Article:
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The French have a proverb: “One may go long way after one is tired”. The thought is a provocative maxim with an unmistakably Gallic flavor of cynicism. Is it meant to inspire perseverance, or as a warning against excessive folly? This is the kind of pithy, double-edged saying at which the ancients excelled. Walk around it slowly from several angles, and draw your own conclusions.

Maybe it means this: you can find yourself weary long before you have reached your prescribed goal, so pressing in and driving yourself towards the mark is simply necessary. Odious tasks require the kind of grit-your-teeth-and-dig-in tenacity that insists you to turn down the volume on your emotions, ignore the opinions of others or the favorability of circumstances and just get it done. Sometimes, life gives us absolutely no choice. Unbearable seasons of loss, testing, sickness or grief leave us floundering for answers; there’s only one direction to go, and that’s through. This is no time to stop and analyze the mechanics of the thing…there’s only survival.

There’s a lot to be said for sheer, heavy-duty, courage and determination, of course. These virtues in their place and time are entirely necessary. In the best-case scenario, even admirable goals take far more juice to complete than we contemplated in our rose-colored daydreams. We hit psychological and visceral patches much too challenging to plan for. It’s not unusual to be caught ill-equipped and unprepared. Realistically, life is basically climbing one mountain after another (or nothing), so you had better have a tenacious grip on endurance.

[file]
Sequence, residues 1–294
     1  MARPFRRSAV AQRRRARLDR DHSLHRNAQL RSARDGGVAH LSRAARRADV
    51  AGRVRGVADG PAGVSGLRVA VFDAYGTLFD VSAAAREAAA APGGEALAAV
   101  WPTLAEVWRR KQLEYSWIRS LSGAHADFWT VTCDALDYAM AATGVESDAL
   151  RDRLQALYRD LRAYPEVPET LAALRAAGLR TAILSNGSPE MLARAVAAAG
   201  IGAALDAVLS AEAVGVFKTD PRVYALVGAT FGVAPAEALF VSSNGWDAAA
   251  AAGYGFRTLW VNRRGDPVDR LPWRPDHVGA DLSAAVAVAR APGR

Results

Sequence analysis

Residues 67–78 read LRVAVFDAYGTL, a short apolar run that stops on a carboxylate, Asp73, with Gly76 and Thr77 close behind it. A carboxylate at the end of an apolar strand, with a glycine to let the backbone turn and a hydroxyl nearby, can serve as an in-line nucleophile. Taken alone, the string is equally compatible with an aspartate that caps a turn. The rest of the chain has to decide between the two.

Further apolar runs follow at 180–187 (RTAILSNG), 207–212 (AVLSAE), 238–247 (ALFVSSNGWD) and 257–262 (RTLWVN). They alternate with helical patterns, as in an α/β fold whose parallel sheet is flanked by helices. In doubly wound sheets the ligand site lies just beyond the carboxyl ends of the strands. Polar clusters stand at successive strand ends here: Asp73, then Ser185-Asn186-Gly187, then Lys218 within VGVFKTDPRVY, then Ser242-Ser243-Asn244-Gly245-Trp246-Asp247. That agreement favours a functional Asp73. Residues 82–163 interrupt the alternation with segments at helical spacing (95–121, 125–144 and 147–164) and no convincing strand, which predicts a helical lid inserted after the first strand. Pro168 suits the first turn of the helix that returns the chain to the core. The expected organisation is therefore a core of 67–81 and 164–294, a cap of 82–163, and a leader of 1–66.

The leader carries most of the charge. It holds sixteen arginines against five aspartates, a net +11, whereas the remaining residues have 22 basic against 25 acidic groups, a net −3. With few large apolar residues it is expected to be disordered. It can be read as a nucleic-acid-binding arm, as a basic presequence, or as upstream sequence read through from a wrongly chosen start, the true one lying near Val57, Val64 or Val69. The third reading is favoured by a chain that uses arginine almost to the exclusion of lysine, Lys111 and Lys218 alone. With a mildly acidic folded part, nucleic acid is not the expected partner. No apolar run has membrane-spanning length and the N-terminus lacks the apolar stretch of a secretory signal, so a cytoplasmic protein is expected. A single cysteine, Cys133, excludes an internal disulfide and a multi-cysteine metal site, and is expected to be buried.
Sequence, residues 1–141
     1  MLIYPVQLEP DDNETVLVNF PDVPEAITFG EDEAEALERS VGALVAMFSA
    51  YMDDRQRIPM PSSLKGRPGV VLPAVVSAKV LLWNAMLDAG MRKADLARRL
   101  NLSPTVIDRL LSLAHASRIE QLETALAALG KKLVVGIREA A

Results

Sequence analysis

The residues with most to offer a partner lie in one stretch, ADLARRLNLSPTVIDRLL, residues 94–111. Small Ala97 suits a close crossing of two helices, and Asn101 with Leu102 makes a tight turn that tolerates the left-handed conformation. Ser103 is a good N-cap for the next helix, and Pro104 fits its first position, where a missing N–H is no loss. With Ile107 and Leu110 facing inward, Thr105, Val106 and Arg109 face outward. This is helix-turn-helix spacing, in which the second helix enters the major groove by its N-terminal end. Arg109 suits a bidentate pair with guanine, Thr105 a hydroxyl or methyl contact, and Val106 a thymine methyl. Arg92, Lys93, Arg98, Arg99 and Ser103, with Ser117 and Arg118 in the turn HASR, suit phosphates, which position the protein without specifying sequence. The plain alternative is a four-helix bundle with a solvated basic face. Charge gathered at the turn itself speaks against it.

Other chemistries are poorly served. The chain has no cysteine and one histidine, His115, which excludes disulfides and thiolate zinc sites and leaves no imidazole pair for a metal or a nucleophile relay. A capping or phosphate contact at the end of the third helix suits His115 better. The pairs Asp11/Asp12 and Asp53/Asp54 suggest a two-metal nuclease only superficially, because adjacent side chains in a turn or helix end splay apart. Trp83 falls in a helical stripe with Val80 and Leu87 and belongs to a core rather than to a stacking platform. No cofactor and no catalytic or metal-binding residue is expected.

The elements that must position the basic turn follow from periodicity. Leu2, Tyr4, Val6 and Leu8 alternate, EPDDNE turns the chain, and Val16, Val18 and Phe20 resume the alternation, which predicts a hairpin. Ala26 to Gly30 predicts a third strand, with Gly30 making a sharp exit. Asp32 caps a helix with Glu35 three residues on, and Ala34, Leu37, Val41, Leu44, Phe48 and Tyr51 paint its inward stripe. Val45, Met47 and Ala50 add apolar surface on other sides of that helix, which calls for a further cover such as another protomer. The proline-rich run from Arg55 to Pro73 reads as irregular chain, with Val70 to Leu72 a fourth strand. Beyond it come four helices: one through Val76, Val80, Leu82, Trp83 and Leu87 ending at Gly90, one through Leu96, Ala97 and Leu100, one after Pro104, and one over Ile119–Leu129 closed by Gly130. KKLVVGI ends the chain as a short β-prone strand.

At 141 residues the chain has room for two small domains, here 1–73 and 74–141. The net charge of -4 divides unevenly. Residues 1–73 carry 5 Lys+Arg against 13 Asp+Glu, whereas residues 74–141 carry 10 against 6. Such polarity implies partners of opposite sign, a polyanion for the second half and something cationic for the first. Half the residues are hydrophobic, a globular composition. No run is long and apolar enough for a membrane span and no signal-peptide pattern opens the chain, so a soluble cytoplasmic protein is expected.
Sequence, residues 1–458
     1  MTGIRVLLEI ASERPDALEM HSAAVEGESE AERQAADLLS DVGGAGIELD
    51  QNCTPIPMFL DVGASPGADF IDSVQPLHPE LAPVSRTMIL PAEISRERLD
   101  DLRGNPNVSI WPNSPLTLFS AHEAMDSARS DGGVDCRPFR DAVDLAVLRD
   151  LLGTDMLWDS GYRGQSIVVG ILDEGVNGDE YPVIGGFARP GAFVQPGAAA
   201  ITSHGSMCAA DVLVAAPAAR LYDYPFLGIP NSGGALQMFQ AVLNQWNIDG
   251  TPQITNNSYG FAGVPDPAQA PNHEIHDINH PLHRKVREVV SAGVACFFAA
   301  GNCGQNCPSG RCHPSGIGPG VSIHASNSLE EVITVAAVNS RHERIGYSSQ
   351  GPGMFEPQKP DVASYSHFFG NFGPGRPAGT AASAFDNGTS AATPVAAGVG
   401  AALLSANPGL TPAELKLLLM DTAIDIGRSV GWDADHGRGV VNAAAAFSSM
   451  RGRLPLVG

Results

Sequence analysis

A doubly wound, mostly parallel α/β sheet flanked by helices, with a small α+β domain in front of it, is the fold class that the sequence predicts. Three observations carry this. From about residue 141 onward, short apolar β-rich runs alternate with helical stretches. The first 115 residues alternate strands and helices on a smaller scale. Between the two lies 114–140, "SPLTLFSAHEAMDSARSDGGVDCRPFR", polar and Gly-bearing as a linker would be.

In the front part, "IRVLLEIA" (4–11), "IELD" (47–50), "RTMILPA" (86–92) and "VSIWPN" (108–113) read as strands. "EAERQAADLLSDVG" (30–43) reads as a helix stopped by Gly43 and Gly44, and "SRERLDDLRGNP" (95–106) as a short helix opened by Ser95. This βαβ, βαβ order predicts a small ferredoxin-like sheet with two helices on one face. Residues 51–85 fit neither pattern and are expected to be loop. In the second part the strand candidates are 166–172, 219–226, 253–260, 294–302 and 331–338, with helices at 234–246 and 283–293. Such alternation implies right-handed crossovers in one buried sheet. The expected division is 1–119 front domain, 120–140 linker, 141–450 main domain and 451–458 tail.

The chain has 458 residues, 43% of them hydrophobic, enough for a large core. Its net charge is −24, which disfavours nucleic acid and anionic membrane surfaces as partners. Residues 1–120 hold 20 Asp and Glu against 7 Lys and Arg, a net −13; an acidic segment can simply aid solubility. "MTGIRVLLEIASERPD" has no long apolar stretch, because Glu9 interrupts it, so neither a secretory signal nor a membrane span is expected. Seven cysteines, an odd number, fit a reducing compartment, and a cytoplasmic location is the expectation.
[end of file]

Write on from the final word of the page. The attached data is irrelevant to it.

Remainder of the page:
On the other hand, how many times have we obstinately, mulishly continued at something long past the point we should have? You missed the exit sign that provided graceful egress off this hellish freeway, and now you’re desperately driven along before you can find the next overpass and turn around. At times, our pride, our ego, can be the worst taskmaster in the world, mercilessly fettering us to a soul-grinding situation we should have admitted to a lost cause, miles back. We’re so busy trying to salvage our self-respect and rationalize our poor choices that we don’t realize how truly exhausted we are. Few admit it, even when the epiphany comes. The truth be told: we are totally, unspeakably, weary.

Most of us move at such a frenetic pace of life that red-line stress has become an everyday part of our landscapes. Being fatigued, jaded, disillusioned, bored, wacked or utterly sapped are all symptoms of weariness. Pure physical exhaustion can be eliminated by plain resting, but being dog-tired mentally or spiritually is a far subtler issue. In the mire of weary, simple routines become meaninglessly arduous. Everything seems tedious; we’re both exhausted and bored at the same time. Emotionally, we’re riding the ragged edge; tetchy and touchy, our feelings plunging erratically at the most minimal stimuli. Our past, with all its failures and aborted dreams weighs us down in unbearable burden. Joy is evasive, even in the usual places. Casting around for refreshment and sweetness, we realize the biggest problem is not the annoyance of others. Actually, we’re totally fed up with ourselves.